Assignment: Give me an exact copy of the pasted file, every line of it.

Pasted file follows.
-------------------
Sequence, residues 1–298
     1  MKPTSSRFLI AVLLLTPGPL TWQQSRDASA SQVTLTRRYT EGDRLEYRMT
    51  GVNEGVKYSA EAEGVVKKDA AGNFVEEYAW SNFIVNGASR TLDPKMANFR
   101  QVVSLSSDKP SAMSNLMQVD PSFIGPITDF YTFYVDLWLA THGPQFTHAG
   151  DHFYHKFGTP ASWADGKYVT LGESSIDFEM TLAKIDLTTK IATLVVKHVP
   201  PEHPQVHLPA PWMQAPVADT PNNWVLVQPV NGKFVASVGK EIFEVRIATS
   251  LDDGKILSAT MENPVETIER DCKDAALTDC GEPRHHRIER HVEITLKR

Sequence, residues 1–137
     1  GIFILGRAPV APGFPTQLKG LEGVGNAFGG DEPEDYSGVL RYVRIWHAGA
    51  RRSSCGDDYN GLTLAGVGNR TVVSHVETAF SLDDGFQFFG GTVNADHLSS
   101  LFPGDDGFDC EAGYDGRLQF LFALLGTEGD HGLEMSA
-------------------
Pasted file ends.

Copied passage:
Sequence, residues 1–298
     1  MKPTSSRFLI AVLLLTPGPL TWQQSRDASA SQVTLTRRYT EGDRLEYRMT
    51  GVNEGVKYSA EAEGVVKKDA AGNFVEEYAW SNFIVNGASR TLDPKMANFR
   101  QVVSLSSDKP SAMSNLMQVD PSFIGPITDF YTFYVDLWLA THGPQFTHAG
   151  DHFYHKFGTP ASWADGKYVT LGESSIDFEM TLAKIDLTTK IATLVVKHVP
   201  PEHPQVHLPA PWMQAPVADT PNNWVLVQPV NGKFVASVGK EIFEVRIATS
   251  LDDGKILSAT MENPVETIER DCKDAALTDC GEPRHHRIER HVEITLKR

Sequence, residues 1–137
     1  GIFILGRAPV APGFPTQLKG LEGVGNAFGG DEPEDYSGVL RYVRIWHAGA
    51  RRSSCGDDYN GLTLAGVGNR TVVSHVETAF SLDDGFQFFG GTVNADHLSS
   101  LFPGDDGFDC EAGYDGRLQF LFALLGTEGD HGLEMSA